University College Cork is considering deepening its relationship with a controversial university in China that the Beijing regime uses to educate students from ethnic minorities, many of whom go on to become Chinese Communist Party officials or cadres.
The intended move raises "huge ethical questions", according to Alexander Dukalskis, an associate professor in UCD's school of politics and international relations, and China fellow at the Woodrow Wilson Center in Washington DC.
Minzu University, formerly known as the Central Nationalities University, has a special focus on ethnic studies, and a large proportion of its students are from non-Han Chinese backgrounds.
These include Uighurs from Xinjiang, where the Chinese Communist Party regime has established a network of controversial camps, as well as students from Tibet, where the regime has also been accused of mass human rights abuses.
UCC already has a joint programme relationship with Minzu, whereby students can study for an environmental science degree, with staff from the Cork university teaching students in Minzu, and students from the Chinese university coming to Cork for their third year of study.
The Cork university has now set up a steering committee to look at making a “joint college” application to the Chinese ministry of education in relation to Minzu.
The committee – with which the interim president of UCC, Prof John O’Halloran, is involved – is proposing to provide degrees in science, engineering, food science and law on the new Minzu campus in Hainan province, The Irish Times understands.
“Co-operation with Minzu University – designed to focus on ethnic minority education – raises huge ethical questions as China’s ethnic minority policy has become one of the most oppressive in the world in recent years,” said Mr Dukalskis.
“I think it’s difficult to justify deepening co-operation with a university focusing on ethnic issues overseen by the very same party that is simultaneously putting ethnic minorities in re-education camps in vast numbers in Xinjiang or systematically suppressing Tibetan culture.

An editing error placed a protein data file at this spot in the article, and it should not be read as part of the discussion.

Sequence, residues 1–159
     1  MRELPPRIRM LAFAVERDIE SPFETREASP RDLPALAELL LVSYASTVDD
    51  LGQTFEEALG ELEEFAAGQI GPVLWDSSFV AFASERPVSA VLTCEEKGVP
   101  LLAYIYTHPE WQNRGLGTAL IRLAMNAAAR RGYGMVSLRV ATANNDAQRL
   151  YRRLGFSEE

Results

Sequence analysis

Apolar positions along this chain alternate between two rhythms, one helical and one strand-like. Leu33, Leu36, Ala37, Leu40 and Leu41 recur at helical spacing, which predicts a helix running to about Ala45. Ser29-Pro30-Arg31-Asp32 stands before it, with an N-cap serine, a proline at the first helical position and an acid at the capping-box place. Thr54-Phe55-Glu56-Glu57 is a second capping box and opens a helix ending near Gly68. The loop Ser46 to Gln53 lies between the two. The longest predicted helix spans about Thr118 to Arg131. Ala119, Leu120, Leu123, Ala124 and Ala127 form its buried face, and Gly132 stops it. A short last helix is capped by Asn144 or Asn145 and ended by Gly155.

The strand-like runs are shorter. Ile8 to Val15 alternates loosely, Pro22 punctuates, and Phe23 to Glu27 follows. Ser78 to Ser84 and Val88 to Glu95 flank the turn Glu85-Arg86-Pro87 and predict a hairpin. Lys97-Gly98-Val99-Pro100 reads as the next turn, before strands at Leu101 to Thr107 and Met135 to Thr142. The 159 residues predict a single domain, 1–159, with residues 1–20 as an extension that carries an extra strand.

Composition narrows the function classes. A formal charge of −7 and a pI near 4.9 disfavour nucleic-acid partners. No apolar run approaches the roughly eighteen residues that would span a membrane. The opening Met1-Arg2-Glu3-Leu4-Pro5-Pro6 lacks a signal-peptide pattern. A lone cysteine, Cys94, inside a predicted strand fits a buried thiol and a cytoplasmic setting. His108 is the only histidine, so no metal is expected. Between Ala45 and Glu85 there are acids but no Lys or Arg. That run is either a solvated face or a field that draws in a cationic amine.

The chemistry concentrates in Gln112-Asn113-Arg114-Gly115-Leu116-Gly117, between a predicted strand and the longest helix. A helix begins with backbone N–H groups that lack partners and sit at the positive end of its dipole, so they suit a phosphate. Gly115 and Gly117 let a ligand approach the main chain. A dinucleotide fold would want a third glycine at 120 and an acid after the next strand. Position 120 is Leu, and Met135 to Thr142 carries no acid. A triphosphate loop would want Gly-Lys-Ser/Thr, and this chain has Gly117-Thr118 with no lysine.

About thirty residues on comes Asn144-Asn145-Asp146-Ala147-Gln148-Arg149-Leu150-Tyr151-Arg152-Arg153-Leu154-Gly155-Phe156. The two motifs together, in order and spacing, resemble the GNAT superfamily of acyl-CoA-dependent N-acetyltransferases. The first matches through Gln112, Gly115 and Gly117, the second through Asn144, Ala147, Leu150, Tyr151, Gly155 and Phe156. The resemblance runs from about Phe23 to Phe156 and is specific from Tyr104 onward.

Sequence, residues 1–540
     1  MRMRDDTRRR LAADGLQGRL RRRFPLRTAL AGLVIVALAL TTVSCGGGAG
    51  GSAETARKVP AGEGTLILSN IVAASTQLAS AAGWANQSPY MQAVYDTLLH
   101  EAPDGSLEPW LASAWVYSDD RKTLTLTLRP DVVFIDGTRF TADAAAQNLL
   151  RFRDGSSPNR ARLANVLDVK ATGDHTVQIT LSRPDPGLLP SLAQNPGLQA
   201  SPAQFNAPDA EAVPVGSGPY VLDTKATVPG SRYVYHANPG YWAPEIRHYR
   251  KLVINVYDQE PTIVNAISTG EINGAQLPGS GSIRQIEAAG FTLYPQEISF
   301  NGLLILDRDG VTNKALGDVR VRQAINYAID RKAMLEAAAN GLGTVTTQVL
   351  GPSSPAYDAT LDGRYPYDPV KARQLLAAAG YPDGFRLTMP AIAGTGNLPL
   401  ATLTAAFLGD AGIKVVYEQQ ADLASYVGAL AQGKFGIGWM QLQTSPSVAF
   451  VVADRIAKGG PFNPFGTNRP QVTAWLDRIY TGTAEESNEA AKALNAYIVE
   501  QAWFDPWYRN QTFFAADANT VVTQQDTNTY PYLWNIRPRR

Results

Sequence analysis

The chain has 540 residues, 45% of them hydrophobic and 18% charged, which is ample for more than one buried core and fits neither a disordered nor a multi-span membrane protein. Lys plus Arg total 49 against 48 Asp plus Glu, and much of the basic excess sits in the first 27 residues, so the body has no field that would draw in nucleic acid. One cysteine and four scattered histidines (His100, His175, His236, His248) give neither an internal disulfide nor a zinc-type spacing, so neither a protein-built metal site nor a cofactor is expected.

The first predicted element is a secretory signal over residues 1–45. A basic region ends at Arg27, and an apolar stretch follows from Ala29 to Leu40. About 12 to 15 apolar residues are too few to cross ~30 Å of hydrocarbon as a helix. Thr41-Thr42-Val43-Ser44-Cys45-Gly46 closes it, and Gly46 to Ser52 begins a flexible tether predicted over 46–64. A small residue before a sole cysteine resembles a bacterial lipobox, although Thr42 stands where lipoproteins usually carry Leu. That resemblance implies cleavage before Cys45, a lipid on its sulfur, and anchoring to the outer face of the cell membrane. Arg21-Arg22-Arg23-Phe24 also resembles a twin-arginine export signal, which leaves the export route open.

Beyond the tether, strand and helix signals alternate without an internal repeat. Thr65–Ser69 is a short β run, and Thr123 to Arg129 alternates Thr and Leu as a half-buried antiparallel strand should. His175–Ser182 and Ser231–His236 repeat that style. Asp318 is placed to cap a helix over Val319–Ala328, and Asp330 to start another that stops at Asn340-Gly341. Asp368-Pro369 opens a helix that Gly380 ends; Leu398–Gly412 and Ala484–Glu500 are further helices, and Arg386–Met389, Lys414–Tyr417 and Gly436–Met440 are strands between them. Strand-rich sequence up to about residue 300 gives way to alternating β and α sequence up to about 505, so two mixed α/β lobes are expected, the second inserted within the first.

"Indeed, the world's most famous jailed scholar, Ilham Tohti, was a professor there, which is a stark reminder of the prevailing political controls."
Jailed for life
Tohti, a Uighur economist who lectured in Minzu, was jailed for life in 2014 by the Chinese regime, who accused him of “separatism” and fanning ethnic tensions. He is widely considered to be a moderate on the Xinjiang question.
Seven of his students, six of whom were Uighurs and one of whom was from the Yi ethnic minority, were given sentences of between three and eight years.
Last year Mr Tohti’s daughter, Jewher, when collecting the EU’s top human rights award, the Sakharov Prize, said she did not know if her father was still alive.
“UCC currently has a joint programme with Minzu University of China,” a spokesman for the Cork university said. “An application for an additional joint programme in law (LLM) has been submitted to the Chinese ministry of education. Universities with three or more joint programmes can create a ‘a joint college’, which is a common academic feature of transnational education involving China.
“Discussions with Minzu University of China do not include the development of a physical campus by UCC, and any agreement will be subject to university approval.”
UCD and Maynooth also have joint college arrangements with other Chinese universities.
Earlier this year Minzu University sent 10,000 face masks to Cork, against the backdrop of a shortage of personal protective equipment in Europe at that time.